Your start in horology

Discussion in 'Member News and Views' started by dweiss17, Mar 2, 2015.

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  1. dweiss17

    dweiss17 Registered User
    Old Timer NAWCC Member

    Aug 1, 2006
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    What started your interest into horology...watches, clocks or ephemera?

    A picture of a bracket clock in a woodworker's magazine started mine...now going over 50 years strong.
     
  2. richiec

    richiec Registered User
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    Feb 24, 2007
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    Mine started when my sister and I continued my father's and his great aunts efforts in genealogy starting in the mid 1990's. In around 2006 I started delving into my great, great grandfathers life and his business as a partner in Cross and Beguelin on Maiden Lane in NYC. I started collecting the watches they produced called the Centennial, a low-mid grade Swiss movement in various sizes sold between 1876 and the mid 1890's. I learned about the Swiss ebauche system and how none of these watches had many interchangeable parts even though the appeared to be the same size. From there it blossomed into other brands and now primarily Walthams.
     
  3. doug sinclair

    doug sinclair Registered User

    Aug 27, 2000
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    One Saturday morning in 1948 (I was 8 yrs. old), my watchmaker father told me it was about time for me to learn his business. The first task I had involved a drawer about two feet long, 8 inches wide, eight inches deep, which was full of un- assorted mainsprings. He was a Depression era watchmaker, back in the day you didn't throw anything out! He handed me a box of 1,000 Manila envelopes, a metric micrometer, and a ruler. I had to measure width, strength, and length of every spring in that drawer! I became a watch repairer, then a jewellery store manager, and in 1990 when I got "down-sized" by the company I had worked for, for 25 years, I accepted a package to leave them, rather than to take a pay cut and continued employment. The decision was an easy one! I took the package because I was already making more on my own than the company was paying me!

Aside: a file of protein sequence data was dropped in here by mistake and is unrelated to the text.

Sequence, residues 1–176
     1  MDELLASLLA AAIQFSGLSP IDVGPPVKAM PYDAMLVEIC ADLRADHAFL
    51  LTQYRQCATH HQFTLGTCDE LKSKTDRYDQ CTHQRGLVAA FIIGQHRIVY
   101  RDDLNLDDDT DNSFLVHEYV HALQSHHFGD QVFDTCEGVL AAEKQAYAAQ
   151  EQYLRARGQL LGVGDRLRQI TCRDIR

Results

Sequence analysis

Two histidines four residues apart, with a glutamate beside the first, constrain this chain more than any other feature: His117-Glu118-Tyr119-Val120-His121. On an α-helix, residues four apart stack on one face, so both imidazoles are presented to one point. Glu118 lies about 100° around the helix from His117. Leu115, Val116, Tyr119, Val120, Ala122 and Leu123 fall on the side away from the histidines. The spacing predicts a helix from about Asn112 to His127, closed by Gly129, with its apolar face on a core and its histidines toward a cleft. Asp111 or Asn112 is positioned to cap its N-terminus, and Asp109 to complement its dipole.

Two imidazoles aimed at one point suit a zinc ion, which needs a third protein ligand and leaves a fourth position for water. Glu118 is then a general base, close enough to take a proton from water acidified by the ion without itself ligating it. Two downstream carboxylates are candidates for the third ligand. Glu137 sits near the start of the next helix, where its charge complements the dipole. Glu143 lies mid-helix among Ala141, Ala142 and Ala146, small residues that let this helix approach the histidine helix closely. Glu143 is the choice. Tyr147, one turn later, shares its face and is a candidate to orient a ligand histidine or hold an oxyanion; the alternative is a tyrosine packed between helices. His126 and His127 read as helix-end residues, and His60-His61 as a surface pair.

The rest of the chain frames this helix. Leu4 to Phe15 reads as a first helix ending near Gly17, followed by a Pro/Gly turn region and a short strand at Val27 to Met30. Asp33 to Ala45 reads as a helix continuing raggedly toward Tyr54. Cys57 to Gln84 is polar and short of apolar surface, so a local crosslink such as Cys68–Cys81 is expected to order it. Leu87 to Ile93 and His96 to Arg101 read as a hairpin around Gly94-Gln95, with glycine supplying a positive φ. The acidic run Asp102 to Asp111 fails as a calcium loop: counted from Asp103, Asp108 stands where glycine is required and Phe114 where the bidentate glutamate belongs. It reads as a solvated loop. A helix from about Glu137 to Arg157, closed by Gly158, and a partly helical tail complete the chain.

The company paid me a store manager's salary for the year, while a bunch of us restored and installed a tower clock, as volunteers. (See the article on the James Short Tower Clock in the Bulletin.) How good is that? That club became NAWCC chapter 145 in 1990.

    I really became interested in watches as collectibles in 1984, when I realized I knew a whole lot about fixing broken watches, but not much about the finer points and the history. I joined a local club in February, 1984, heard about the NAWCC Pacific North West regional (Portland, Ore.) later that month. We went, I joined, and have been a member since then. I'll be 75 in the fall, and I have no intention of retiring! People actually PAY me to have fun repairing watches and clocks! I collect mostly American (and Swiss) railroad grade watches, but I also collect clocks and wrist watches. Thanks for asking!